Maurice Ravel L’heure espagnole/L’enfant et les sortilèges. Laurent Pelly's brilliant production of L’enfant et les sortilèges is back after only two years. It's wonderful - read my review of the premiere HERE in Opera Today

"Surrealist fantasy with wit and style! L'heure espagnole and L'enfant et les sortilèges, the Ravel Double Bill at Glyndebourne, mixes charm, intelligence and nightmare.The audience applauded the scenery, but this time the praise was sincere.  Ravel's music and ideas come alive. I'm tempted to say, "beyond our wildest dreams", because dreams release the creative imagination. .....L'enfant et les sortilèges" says director Laurent Pelly "lasts about 45 minutes, but has the depth of an opera of three or four hours". (read the interview in Opera Today here). Ravel's music is extraordinarliy vivid, but his concepts don't easily translate into visual images. Pelly, however, is a master at bringing abstract ideas to life, as anyone who has seen his Glyndebourne Humperdinck Hansel und Gretel would know. The Teapot and the Chinese cup dance, their "human" bodies exposed beneath the hard exteriors of their form. Ravel glories in mad chinoiserie......the words aren't real but dadaist invention, even in Colette's original."

 Danielle de Niese sings the two main roles.Coming home to Glyndebourne to sing is hugely special to me. Playing both an adulterous femme fatale and an androgynous young boy in the same evening will be an exciting challenge and transformation for me as an actress. I have labelled it my 'Meryl Streep moment' - a chance for me to show different sides of my musical and dramatic palette. Glyndebourne and I share a common goal in constantly aiming to reach new heights and I am thrilled to be taking audiences on this artistic journey."

The new commission is Luke Styles' new opera Macbeth.

David Pickard, General Director of Glyndebourne, said: “I am delighted that, as well as maintaining our high artistic standards and international reputation for discovering exciting young artists, Glyndebourne’s 2014 Festival reached broader audiences than ever before. As a privately funded Festival, I am particularly proud that we are the only UK opera company to offer our performances for free online to be accessed by audiences right across the globe. Those streamings, together with the success of our dedicated Under 30s performance, were highlights of the season for me. I hope that all those who saw Festival 2014 operas, whether on stage, on screen or online went away with a new, or renewed, love of live opera.”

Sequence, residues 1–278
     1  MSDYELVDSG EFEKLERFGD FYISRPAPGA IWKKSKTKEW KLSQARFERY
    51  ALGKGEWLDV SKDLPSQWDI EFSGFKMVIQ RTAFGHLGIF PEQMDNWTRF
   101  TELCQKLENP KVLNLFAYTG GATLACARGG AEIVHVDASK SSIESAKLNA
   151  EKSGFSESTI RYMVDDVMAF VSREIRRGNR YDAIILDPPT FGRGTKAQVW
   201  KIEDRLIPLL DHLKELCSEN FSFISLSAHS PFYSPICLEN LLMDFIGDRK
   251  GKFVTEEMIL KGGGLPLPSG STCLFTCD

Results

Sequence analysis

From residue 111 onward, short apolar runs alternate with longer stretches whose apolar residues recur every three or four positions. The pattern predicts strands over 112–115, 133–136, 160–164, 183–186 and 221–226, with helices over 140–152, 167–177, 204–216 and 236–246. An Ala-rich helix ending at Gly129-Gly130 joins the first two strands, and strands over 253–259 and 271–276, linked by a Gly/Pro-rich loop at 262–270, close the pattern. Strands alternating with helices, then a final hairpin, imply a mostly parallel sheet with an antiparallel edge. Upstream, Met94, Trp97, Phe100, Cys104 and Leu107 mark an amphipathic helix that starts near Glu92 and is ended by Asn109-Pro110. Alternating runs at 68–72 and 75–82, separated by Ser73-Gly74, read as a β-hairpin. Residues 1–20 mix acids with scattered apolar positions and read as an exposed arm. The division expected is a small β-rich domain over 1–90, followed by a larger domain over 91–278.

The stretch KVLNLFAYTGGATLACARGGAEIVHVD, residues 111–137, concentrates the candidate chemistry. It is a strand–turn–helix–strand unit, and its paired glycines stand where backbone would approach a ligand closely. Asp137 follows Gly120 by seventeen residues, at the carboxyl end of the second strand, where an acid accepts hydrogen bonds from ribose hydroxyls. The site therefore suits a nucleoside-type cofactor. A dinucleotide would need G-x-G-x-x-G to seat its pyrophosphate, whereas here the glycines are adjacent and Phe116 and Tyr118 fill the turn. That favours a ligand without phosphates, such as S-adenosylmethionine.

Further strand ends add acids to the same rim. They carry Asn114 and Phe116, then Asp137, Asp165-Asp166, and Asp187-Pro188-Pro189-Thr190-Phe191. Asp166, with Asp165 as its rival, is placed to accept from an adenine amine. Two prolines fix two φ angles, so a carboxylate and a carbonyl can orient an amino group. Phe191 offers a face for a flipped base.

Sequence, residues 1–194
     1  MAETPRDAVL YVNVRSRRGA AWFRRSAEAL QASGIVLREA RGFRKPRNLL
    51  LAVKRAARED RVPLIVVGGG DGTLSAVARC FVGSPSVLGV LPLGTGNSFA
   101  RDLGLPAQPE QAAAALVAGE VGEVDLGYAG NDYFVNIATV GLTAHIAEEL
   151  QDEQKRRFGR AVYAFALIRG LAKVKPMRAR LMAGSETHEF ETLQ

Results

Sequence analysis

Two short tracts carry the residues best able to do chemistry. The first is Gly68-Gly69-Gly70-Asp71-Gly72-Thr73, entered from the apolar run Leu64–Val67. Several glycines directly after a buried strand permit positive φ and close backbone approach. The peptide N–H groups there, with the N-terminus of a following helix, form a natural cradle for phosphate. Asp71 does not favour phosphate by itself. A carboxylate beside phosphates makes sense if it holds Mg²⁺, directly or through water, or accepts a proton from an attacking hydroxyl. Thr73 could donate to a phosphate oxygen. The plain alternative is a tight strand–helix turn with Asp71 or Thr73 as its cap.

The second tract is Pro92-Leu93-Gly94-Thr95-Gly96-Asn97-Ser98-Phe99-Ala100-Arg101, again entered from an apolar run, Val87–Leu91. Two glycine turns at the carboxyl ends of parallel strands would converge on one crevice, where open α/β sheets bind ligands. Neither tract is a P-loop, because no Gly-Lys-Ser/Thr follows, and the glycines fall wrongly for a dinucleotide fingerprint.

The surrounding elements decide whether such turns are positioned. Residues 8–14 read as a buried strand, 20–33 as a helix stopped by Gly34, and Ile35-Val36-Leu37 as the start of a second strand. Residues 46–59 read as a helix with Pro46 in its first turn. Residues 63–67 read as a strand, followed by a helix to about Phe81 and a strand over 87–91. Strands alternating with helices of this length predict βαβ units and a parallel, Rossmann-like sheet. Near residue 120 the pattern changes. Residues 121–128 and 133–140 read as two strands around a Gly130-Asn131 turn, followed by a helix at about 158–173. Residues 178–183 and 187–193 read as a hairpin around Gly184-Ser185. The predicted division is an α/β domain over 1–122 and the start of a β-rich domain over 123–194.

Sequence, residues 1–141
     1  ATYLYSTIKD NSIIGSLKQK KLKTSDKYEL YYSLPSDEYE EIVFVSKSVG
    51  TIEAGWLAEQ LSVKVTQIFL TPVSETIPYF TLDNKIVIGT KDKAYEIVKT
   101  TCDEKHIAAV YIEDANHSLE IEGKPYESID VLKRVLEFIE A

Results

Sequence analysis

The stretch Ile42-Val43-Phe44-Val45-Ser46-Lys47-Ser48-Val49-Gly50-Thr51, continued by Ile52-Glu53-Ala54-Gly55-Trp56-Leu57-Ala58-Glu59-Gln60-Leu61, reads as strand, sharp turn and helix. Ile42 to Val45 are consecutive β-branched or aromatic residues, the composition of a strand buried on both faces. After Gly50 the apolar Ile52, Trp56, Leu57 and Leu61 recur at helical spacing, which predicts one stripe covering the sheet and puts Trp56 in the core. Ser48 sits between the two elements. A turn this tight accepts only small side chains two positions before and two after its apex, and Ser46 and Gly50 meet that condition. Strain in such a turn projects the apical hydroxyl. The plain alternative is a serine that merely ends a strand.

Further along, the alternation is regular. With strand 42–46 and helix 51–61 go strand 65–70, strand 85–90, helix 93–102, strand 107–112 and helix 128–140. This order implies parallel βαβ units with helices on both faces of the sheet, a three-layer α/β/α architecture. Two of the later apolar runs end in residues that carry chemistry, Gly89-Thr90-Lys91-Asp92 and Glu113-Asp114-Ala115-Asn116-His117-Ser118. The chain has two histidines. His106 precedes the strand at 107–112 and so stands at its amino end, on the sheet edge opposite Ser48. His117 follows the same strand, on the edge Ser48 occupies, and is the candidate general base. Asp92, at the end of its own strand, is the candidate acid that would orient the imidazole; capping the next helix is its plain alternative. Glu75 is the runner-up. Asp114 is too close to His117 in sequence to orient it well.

Consider:
  • Box Office sales of 98% of financial capacity
  • A doubling of the live audience of 98,000 who attended Festival 2014 in person through cinema screenings and free online streamings
  • Sell-out of the first dedicated Festival performance for subscribers to Glyndebourne’s Under 30s scheme
 photo credit Simon Annand

Komsi Oramo Prom Russian (and other) Fairy Tales

Wonderfully evocative!  In BBC Prom 49, Sakari Oramo conducted the BBC SO showing how exotic dreams and magical tales still inspire creative art.  The soloist was Anu Komsi, Oramo's wife and twin sister of Piia Komsi, both coloraturas with such remarkable range that they've inspired several works written specially for them.. Although this Prom was billed "Russian Fairy Tales" it could well have been billed as a showpiece for Anu Komsi's exquisite singing. .

Ravel's Mother Goose Suite (Ma mère l’oye)  created the perfect mood. Lustrous, shimmering textures, sparkling with light and delight. Fairy Tales are beautiful, but strictly speaking they're wasted on children. As Bruno Bettelheim demonstrated decades ago,  fairy tales deal with the subconscious, and are a lot darker than they're made out to be.  Beneath the gossamer in Ravel's music lie details which suggest something more sinister. Hollow-sounding woodwinds, brass like the call of hunting horns. Could the high-pitched violins suggest pain and longing?  Do the horns suggest hunting, or death? Why is the princess of the pagodas, Laideronnette, supposed to be ugly? No answers.  In this magical realm answers mean less than dreams.

In Jukka Tiensuu: Voice verser (2012?),  Anu Komsi's voice operates like a magical force of nature. Her tessitura is so high it seems almost unearthly, and her projection so powerful that her voice seems to stretch into infinity. High winds and strings cry out, like high-flying sea birds.  Strings form elliptical sounds like waves.  Immediately I thought of Sibelius Luonnotar (more here) where the voice represents the primeval being who created the universe, after swimming for centuries in an endless ocean. When Komsi's voice switches from extended legato to sudden staccato, she makes gasping sounds that could be Luonnotar giving birth to the earth, stars and skies. Yet for all this extreme virtuosity, this is a quirkily humorous piece which  suggests play and joyful interaction between singer and orchestra. This is music with wit and and spirit, proving that "new" music can be fun and spark the imagination. We can also hear why so many are in love with Komsi's voice. She's technically superb but can also convey warmth and feeling.

Amazingly, Komsi recovered her voice after the interval, to sing Karol Szymanowski's Songs of a Fairy Tale Princess. Komsi and Szymanowski could have been made for each other. Both favour tessituras so high that that they seem to defy gravity.  Much of Szymanowski's output created parts for violin, where only the best violinists can sustain extended lines at the top of register. Komsi makes great feats sound easy. Szymanowski's fantasy was far more than lush reverie.  In the years before 1914, he visited the Middle East and North Africa, fascinated by the exotic sounds he heard. Like many composers in his time, Szymanowski was searching for alternatives to  western tradition.  There's nothing tame about this ulullating legato, these strange leaps up and down scales.